Christians demand freedom of access during Easter
As Palestinians in the West Bank and Gaza await news on permits from Israel to visit holy sites in Jerusalem, local Christians issued a call for the respect of freedom of worship.
“For Christians, Holy Week in Jerusalem has a special spiritual connection,” said a statement from the Kairos Palestine group on Wednesday. Holy sites “are equally important to the Palestinian Christians of Gaza and the West bank, who want to join their Jerusalemite Christian brethren in the liturgical events leading to the resurrection, the holiest celebration in Christianity.”
Kairos Palestine called for unfettered access to holy sites and an overhaul of Israel’s permit system, which the group called an “obvious violation of the [International Covenant on Civil and Political Rights], Universal Declaration of Human Rights and other international covenants and treaties to which Israel is a signatory.”
Each year church leaders submit requests to Israel’s Coordination Office for Government Activities in the Territories, with only a fraction of the faithful being granted access.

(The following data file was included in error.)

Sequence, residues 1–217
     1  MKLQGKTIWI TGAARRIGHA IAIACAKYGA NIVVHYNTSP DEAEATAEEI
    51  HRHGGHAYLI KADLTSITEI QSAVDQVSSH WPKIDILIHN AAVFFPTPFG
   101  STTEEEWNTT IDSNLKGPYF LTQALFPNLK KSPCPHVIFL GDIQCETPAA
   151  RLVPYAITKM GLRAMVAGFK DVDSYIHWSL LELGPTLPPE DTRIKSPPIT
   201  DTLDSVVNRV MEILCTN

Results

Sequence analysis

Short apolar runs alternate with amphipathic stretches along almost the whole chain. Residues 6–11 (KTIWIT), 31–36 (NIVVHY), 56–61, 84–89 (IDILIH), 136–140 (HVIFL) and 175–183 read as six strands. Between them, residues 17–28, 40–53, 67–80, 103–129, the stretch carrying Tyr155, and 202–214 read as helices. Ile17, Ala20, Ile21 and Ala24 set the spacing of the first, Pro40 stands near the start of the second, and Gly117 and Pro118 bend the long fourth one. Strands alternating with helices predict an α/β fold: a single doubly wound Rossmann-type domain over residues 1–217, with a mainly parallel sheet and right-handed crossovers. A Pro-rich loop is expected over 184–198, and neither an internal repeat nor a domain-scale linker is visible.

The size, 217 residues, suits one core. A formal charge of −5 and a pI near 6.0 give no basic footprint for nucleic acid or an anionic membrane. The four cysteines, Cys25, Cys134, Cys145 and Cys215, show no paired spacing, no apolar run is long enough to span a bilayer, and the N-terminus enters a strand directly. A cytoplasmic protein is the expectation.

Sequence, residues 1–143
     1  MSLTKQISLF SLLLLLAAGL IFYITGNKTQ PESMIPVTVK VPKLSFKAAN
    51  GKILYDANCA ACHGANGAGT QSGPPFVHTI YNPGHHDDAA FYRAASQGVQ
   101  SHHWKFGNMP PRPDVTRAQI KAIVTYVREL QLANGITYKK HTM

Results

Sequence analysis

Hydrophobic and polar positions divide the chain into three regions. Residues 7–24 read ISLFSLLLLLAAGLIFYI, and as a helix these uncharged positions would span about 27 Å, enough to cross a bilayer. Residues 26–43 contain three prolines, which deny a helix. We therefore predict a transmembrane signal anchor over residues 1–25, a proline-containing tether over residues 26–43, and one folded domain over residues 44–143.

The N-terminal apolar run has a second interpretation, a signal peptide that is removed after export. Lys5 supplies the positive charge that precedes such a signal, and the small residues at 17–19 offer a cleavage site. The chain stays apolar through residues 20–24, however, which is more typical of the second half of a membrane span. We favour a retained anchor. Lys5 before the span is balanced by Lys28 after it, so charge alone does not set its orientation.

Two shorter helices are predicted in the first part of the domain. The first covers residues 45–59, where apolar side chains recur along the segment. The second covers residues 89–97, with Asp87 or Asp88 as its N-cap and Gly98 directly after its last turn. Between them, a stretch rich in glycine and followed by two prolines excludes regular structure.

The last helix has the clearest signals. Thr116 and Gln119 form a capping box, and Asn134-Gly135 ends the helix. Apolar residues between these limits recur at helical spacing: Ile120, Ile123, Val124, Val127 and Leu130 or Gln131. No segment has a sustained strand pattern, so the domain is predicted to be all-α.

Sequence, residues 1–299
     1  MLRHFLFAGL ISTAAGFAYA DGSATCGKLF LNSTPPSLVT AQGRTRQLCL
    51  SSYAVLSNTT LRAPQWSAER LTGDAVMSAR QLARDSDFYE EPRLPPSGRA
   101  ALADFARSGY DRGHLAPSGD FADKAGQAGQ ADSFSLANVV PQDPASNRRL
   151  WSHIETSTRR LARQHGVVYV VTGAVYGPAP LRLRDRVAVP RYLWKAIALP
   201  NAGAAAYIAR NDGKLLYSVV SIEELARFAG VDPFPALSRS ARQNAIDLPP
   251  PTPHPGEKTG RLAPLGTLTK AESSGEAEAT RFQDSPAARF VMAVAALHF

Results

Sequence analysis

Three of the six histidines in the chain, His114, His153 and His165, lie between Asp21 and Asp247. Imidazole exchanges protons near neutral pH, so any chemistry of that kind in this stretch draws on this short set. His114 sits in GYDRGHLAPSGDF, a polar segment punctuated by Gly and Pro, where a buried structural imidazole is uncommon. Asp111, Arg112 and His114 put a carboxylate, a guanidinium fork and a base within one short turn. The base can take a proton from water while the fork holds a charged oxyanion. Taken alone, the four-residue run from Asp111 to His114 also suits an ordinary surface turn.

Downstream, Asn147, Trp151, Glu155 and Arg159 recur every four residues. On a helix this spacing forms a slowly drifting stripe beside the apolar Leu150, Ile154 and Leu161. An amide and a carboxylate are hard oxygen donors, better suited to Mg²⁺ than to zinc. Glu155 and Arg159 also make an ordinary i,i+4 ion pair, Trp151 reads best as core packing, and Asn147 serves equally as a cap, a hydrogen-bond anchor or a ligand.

Since 1991 Gaza residents who want to visit, work, or study in the West Bank or Israel have to apply for a permit from the Israeli military. Since the imposition of a blockade in 2007, only a tiny number of permits have been issued.
In 2010, 300 permits were issued for the estimated 5,000-strong Christian community in Gaza. Many could not go, however, as spouses and children from the same family were denied access.
Passover results in restrictions for Christians
The overlap of the Jewish passover holiday with the Easter celebrations for the Catholic and Orthodox Christian communities has also meant that those who do receive permits cannot use them for all of Easter.
For the past several years, Israel has declared a military closure of the West Bank during Passover, which this year falls from April 19-25, while Easter will extend from April 20-25.
Kairos condemned the privileging of Jewish access to Jerusalem over Christians, adding that “Actions taken against Palestinian Christians, the first and oldest Christian community in the world, attack not only the Palestinian people and their rights in the occupied city of Jerusalem, but in reality, the whole Christianity.”